After centuries of poverty-ridden isolation, Afghanistan is again becoming the crossroads of Asia. Kabul's only hotel is not only about the cheapest east of Suez (two dollars a day all-inclusive) but also the most cosmopolitan. Its austere rooms are crowded with Russians, Americans, Germans, Japanese, Persians, Turks, Indians, Ceylonese, and Arabs. Numerous airways, including Dutch, Indian, Pakistani, and Iranian, find it worth while to run regular flights into Afghanistan from the west and south, while the Russians, now busy with plans to build a modern airport at Kabul, offer cut-rate trips, payable in black-market afghanis, to Moscow and other points north.
Unlike those in the past who came to loot and strip the land, many modern visitors come with gifts. For this is the era of competitive coexistence, and nowhere is the competition more obviously competitive than in Afghanistan. Hearts and minds are the prize, the Soviet Union and the United States the principal competitors, and rubles and dollars the weapons.
Afghanistan's needs are almost bottomless. Slightly larger than Texas and dominated by the towering ranges of the Hindu Kush mountains, which rise to 20,000 feet and isolate the richer northern provinces from the southern deserts, it is completely landlocked. It has no railways; its four thousand miles of rough, all-weather roads are used mostly by donkeys and camels; and its rivers are of little use for navigation.
At least two million of the perhaps twelve million population are nomads. They move with the seasons and live either in a Central Asian yurt that looks like a beach tent and is made of felt, or in a rectangular construction covered with goat's hair cloth.
Agriculture employs nearly three quarters of the rest of the population, yet less than 3 per cent of the land is cultivated, and of this the greater part is in the little-populated region south of the Oxus River, which forms the border with Russia. Fruit grows well in small, fertile pockets among the stark and barren folds of the Hindu Kush, where a hot summer sun and melting snows combine to produce juicy peaches, grapes, apples, melons, pears, and apricots.
In periods when relations with Karachi are amiable, fruit is exported to Pakistan and India, while the United States is a good customer for the karakul (Persian lamb skin) crop, the country's principal earner of foreign exchange. Nevertheless, agriculture generally is on a meager, subsistence level. Most of the population never gets enough food to eat or clothes to wear in winters that are as bitter as the summers are hot.
Little is known of hygiene. The open sewers in the streets of Kabul are used for washing and, in the summer, for reviving watermelons that have withered in the heat. The infant mortality rate is extremely high: even in Kabul, which boasts a very large proportion of the country's two hundred doctors, one child in every seven dies in the first year of life. Village folk rely on herbalists, snakebite men, and the Muslim mullahs to treat them for their many ills.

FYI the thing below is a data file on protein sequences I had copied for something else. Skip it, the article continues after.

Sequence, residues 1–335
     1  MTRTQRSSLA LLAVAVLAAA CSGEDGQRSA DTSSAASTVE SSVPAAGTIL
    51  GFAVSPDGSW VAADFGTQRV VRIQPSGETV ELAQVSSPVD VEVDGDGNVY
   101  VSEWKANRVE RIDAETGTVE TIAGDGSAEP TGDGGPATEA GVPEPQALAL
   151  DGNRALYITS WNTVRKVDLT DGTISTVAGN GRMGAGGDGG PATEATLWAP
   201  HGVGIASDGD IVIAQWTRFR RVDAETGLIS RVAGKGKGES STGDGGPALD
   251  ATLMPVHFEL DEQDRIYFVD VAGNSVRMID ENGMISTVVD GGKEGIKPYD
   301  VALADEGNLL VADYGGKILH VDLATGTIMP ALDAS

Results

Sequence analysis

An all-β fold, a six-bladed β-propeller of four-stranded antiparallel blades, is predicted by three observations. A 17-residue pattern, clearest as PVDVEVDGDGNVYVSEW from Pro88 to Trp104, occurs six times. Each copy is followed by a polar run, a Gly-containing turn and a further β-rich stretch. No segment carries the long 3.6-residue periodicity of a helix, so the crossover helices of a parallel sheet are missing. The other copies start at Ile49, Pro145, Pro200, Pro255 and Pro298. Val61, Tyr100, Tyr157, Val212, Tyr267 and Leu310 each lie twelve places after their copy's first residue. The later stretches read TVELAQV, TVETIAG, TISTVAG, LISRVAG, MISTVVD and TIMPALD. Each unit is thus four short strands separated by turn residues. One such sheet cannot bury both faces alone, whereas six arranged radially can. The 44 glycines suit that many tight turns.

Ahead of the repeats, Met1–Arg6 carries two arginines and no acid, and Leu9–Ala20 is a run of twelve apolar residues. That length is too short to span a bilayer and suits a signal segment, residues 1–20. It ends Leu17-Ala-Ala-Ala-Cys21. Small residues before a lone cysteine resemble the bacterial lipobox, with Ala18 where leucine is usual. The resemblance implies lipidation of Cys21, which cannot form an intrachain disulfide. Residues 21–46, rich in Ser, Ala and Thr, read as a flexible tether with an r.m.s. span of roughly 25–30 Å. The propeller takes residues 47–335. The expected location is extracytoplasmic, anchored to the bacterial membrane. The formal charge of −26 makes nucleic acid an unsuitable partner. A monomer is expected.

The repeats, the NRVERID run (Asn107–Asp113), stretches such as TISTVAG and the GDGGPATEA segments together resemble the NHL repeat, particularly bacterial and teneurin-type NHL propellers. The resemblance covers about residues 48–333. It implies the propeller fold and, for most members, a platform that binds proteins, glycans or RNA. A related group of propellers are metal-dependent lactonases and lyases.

The annual per capita income has been estimated at twenty dollars, a sum that does not go far toward providing even the turban, sleeveless jacket, and baggy pants that make up the rural Afghan's wardrobe, or toward helping city dwellers to achieve the ultimate in sartorial elegance—full Western dress, topped with a karakul cap.
The cities are few and small. Kabul, the capital and principal stopping place for the camel caravans that ply between Central Asia and India, has a population of about three hundred thousand. It has entwined itself around the stark hills that once guarded the city gates, with the new grafted onto the old, a form of growth that has deprived it of the character one sees in other towns, where the country's turbulent history is graphically expressed in the architecture.
Built like medieval forts, with high, square, turreted outer walls, these towns emphasize the historic need for defense. The houses follow a similar pattern, turning their windowless backs on the streets, the better to assure the safety of the inhabitants. Kandahar, in the southeast, is Afghanistan's second city. Here about eighty thousand people crowd behind mud walls and battlements built, so the legend goes, by Alexander the Great in 327 B.C.
For more than two thousand years Afghanistan was either the center or an important part of great Central Asian kingdoms and empires. Later, in the era of British and Russian expansion in Asia, Afghanistan learned that survival depended primarily on its ability to play one great power against another. Thus, from the beginning of the nineteenth century, the Afghans wove their way through the plans and plots of London and St. Petersburg, until, in 1919, they finally threw off British "protection" and won full independence.
Modern Afghanistan officially describes itself as a constitutional monarchy. This is not strictly accurate. Though there is a National Assembly of 171 deputies elected from different parts of the country, its members—and the 45 senators, who are appointed by the King for life—do not enjoy freedom of expression. They may oppose the Supreme Council of State, or cabinet, but only within officially approved limits.
Real control is vested in a royal oligarchy: King Mohammed Zahir Shah, his cousin, Prime Minister Sardar Mohammed Daoud (who is also minister for defense), and two other senior members of the family, Sardar Ali Mohammed, who is the first deputy prime minister, and Sardar Mohammed Naim, second deputy prime minister and minister of foreign affairs.